5 reasons why i want to live in nyc
Here’s a list which I mulled over when we were considering moving to New York for A.’s school (which has been postponed, if not canceled, because of several reasons that are A.’s, not mine to tell). These are the reasons why I both dream about going there and dread going as a tourist who spends a week there, wastes loads of money, and ends up seeing hardly any of these things:
1. The culture — what I wouldn’t give to be able to go to the Met (both museum and opera), the MoMA, Cooper-Hewitt, and many other places. Not, to reiterate, as a tourist, breathlessly, once, but slowly and surely over weeks or months or even years. Of course, it’s all quite different when you live in a city and the mundane reality may numb the desire to see and absorb all, but it’s still a city of immense cultural opportunities and I believe myself capable of remembering that.
2. The style — design and architecture are very dear to me, and New York is rich in both and more. There is so much to absorb, be inspired by, and learn. And after, there’s an abundance of ways to apply all this inspiration: the shopping, the people to meet, the gorgeous houses to live and work in (I admit, I’ve been browsing Craigslist for places to rent, and even the cheap ones have character).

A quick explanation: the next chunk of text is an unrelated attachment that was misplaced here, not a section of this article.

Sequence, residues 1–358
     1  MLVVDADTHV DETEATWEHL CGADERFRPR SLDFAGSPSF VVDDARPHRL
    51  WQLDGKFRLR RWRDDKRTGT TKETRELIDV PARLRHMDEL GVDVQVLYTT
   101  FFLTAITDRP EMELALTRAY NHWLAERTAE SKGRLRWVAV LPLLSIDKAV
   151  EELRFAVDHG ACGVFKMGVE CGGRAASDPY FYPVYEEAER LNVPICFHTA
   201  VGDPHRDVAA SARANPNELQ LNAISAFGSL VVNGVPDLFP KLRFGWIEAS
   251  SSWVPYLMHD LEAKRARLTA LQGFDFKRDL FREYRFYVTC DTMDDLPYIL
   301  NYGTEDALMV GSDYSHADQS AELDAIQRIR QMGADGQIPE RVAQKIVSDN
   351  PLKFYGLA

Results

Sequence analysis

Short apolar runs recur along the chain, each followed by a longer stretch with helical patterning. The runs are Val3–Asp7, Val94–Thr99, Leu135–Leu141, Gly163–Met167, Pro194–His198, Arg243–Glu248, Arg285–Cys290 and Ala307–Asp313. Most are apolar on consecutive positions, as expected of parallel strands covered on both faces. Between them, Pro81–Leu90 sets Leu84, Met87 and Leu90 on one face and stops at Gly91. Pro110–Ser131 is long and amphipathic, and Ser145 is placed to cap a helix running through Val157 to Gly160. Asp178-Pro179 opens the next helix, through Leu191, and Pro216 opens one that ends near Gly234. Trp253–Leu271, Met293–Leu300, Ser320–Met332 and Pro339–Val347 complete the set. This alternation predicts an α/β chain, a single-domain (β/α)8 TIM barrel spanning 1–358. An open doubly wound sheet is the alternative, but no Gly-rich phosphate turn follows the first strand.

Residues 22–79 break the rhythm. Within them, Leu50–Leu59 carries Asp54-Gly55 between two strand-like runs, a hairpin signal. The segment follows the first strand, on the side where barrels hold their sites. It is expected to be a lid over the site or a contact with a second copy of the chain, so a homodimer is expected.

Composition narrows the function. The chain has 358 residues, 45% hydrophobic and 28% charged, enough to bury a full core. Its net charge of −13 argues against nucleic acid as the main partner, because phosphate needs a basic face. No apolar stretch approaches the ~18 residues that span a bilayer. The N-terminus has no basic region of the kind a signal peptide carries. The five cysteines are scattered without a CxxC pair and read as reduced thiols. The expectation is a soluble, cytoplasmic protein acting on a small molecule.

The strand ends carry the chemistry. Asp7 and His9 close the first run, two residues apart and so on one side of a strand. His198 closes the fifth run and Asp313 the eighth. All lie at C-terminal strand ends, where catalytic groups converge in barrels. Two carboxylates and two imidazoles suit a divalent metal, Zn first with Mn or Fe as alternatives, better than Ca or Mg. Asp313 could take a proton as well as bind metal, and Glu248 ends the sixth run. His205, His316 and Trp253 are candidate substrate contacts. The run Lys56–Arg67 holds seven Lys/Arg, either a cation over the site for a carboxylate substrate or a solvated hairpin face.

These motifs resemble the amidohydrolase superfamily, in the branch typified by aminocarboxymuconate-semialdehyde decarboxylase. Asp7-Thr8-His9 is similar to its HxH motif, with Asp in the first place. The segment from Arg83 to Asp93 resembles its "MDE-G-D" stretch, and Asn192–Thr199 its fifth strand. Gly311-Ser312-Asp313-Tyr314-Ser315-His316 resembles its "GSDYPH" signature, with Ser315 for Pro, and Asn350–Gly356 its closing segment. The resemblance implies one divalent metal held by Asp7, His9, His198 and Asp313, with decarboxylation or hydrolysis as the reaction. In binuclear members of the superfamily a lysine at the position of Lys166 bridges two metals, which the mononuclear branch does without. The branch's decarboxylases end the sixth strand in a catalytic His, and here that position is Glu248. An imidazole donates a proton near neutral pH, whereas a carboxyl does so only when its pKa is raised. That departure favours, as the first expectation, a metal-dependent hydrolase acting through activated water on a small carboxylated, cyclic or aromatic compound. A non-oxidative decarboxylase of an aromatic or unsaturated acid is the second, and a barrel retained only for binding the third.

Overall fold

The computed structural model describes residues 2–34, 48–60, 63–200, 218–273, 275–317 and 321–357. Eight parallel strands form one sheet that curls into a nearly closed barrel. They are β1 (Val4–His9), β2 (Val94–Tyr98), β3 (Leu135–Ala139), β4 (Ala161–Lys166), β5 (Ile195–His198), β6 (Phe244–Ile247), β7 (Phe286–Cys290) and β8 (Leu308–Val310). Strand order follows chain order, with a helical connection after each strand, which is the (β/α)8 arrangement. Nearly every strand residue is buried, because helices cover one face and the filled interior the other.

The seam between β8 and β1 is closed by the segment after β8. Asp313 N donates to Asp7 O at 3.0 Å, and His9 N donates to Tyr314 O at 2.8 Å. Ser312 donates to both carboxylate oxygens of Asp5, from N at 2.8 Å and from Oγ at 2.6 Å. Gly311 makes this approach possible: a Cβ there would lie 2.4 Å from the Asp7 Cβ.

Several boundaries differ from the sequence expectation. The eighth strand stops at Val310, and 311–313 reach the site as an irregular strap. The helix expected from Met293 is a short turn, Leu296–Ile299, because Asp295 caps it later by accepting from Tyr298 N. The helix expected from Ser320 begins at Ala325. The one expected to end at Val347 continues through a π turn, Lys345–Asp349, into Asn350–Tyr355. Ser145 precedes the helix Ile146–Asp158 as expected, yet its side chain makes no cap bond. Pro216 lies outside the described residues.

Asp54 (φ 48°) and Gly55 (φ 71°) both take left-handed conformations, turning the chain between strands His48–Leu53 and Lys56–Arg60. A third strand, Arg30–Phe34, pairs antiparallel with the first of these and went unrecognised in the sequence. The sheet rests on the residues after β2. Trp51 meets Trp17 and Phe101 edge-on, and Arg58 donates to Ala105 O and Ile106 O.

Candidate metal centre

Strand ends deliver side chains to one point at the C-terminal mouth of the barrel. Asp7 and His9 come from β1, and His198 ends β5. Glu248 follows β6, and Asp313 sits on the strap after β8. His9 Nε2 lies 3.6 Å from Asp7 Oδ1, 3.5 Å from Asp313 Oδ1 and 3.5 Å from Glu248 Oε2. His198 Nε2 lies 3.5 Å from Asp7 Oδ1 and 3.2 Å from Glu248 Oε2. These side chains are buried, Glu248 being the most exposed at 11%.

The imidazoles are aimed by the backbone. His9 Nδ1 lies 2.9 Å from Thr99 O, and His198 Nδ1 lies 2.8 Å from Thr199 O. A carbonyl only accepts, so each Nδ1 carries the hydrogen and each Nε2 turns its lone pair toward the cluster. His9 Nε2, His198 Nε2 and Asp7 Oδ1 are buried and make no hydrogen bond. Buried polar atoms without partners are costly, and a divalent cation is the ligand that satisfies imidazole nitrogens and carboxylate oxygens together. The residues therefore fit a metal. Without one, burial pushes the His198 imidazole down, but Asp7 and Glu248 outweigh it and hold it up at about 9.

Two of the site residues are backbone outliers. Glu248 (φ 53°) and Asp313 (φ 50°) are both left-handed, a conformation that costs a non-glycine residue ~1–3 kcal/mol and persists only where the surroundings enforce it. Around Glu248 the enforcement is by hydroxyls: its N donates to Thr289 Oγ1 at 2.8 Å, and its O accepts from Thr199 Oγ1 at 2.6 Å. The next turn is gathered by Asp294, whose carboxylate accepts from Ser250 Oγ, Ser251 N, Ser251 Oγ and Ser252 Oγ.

3. The nature — Central Park and the other parks and gardens are one, and all the water is two. The city I was born and raised in is very green and stands on two rivers, so any city that has nature so intertwined with it is after my own heart. An urbanistic heart it may be, concrete-loving and mesmerized by roads, but it still knows the value of green and blue.
4. The food — even living here I know a dozen things I’d like to taste and a couple dozen places to taste them at. From treats on wheels to lovely cafes, to farmers’ markets for the days when we wouldn’t want to eat out — and I do believe there are more than four vegetarian/vegan places (like here), so we wouldn’t need to fish around a menu for something without fish in, as it were — or meat, or cheese, or eggs.
5. The opportunities — I know all about the unemployment, the outrageous rent, the crime, and the ruthless competition, but at least there are places to look for something to do, and places that need people, as opposed to here, where the few young people still unclaimed by Ireland and Germany delight at the offer of a management job in a building supplies chain store, run like a sweatshop. Besides, I can read and spell very well if I say so myself, and that gives me an edge over many people.
Granted, all this probably goes for at least several other large cities (London, Barcelona, and Paris come to mind), the list reeks of naivete which borders on the infantile (who can afford living in that city anymore?), and it’s probably silly to be so keen on a place I’ve only seen in movies and read about in books, but then a place that has so many movies and books about it is bound to be at least partly true to its reputation.